Academic journal article The Hastings Center Report

The Tuskegee Legacy: AIDS and the Black Community

Academic journal article The Hastings Center Report

The Tuskegee Legacy: AIDS and the Black Community

Article excerpt

No scientific experiment inflicted more damage on the collective psyche of black Americans than the Tuskegee study. After Jean Heller broke the story in 1972, news of the tragedy spread in the black community. Confronted with the experiment's moral bankruptcy, many blacks lost faith in the government and no longer believed health officials who spoke on matters of public concern. Consequently, when a terrifying new plague swept the land in the 1980s and 1990s, the Tuskegee study predisposed many blacks to distrust health authorities, a fact many whites had difficulty understanding.

"Bizarre as it may seem to most people," declared the lead editorial in the New York Times on 6 May 1992, "many black Americans believe that AIDS and the health measures used against it are part of a conspiracy to wipe out the black race." To support their assertion, the editor cited a survey of black church members in 1990 that revealed "an astonishing 35 percent believed AIDS was a form of genocide." Moreover, a New York Times/WCBS TV news poll conducted the same year found that 10 percent of all black Americans thought the AIDS virus was "deliberately created in a laboratory in order to infect black people," and 20 percent believed it could be true.[1]

Nor were such beliefs limited to the lay public. Many black health workers, the Times continued, refused to dismiss these fears out of hand. One individual, testifying before the National Commission on AIDS, declared that she considered AIDS a manmade disease "until proven otherwise." Similar suspicions cast a shadow over efforts to control the epidemic.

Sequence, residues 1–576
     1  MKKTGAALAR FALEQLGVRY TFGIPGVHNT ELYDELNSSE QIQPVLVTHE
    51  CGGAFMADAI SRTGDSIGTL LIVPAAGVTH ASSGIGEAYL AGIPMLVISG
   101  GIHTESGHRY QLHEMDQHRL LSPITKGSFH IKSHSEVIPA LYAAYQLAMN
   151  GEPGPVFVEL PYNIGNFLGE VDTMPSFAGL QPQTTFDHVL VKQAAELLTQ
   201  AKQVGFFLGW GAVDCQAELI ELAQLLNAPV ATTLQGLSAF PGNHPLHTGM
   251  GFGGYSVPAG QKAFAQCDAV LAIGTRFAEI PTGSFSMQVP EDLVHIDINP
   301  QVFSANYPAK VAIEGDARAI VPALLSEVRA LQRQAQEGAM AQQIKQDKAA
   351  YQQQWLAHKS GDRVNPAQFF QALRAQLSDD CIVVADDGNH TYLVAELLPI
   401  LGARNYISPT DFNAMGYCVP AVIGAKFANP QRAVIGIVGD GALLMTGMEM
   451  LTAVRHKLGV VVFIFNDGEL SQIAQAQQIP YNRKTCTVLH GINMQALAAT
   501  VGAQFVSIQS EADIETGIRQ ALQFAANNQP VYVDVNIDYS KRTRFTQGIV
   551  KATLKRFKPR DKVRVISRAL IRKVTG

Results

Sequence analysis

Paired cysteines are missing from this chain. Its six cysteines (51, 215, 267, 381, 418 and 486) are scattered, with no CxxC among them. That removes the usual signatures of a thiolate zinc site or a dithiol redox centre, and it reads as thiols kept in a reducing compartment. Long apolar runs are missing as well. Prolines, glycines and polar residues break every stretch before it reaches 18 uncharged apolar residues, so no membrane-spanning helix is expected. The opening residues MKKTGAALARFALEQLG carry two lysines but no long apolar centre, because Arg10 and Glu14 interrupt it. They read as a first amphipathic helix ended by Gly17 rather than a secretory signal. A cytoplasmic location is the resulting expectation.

The attitudes black Americans brought to AIDS were historically constructed. Scientific and medical theories were not the only elements that shaped how blacks viewed this terrifying disease: social, political, religious, and moral conceptions influenced their perceptions and understandings as well.

Above all, many black Americans saw AIDS through the prism of race, which brought more than three and a half centuries of white-black relations into focus. Slavery, sharecropping, peonage, lynchings, Jim Crow laws, disfranchisement, residential segregation, and job discrimination were the substance to which many Afro-Americans reduced all American history, forming a saga of hatred, exploitation, and abuse.

Two readers who found the editors of the New York Times strangely ahistorical drove home this point. M. William Howard, the president of the New York Theological Seminary, was mystified how anyone could think it "astonishing" that many blacks believed AIDS was a form of genocide. To him, such views were "the inevitable result of black people's living in a society in which we are so alienated from the mainstream that many of us believe America will stop at nothing to eliminate us." Another reader thought that the use of words like bizarre to describe black peoples' fears "in and of itself reeks of an insensitivity to the history of blacks in this country and why they would have good reasons to feel conspired against." As proof, the man cited "the Tuskegee experiment of the 1930's."[2] For many blacks, the Tuskegee study became a symbol of their mistreatment by the medical establishment, a metaphor for deceit, conspiracy, malpractice, and neglect, if not outright racial genocide.

Memories of the experiment refused to die. The anger and fears evoked by the Tuskegee study's disclosure in 1972 reappeared a decade later when Bad Blood was published, setting off another round of discussions as a new generation learned about the experiment. Thus, by the time the AIDS epidemic struck America, the Tuskegee study had left many black Americans suspicious of health authorities. Mistrust in the black community deepened as many white Americans expressed attitudes about AIDS victims that were remarkably similar to the beliefs most white Americans shared about syphilitic blacks earlier in the century. …

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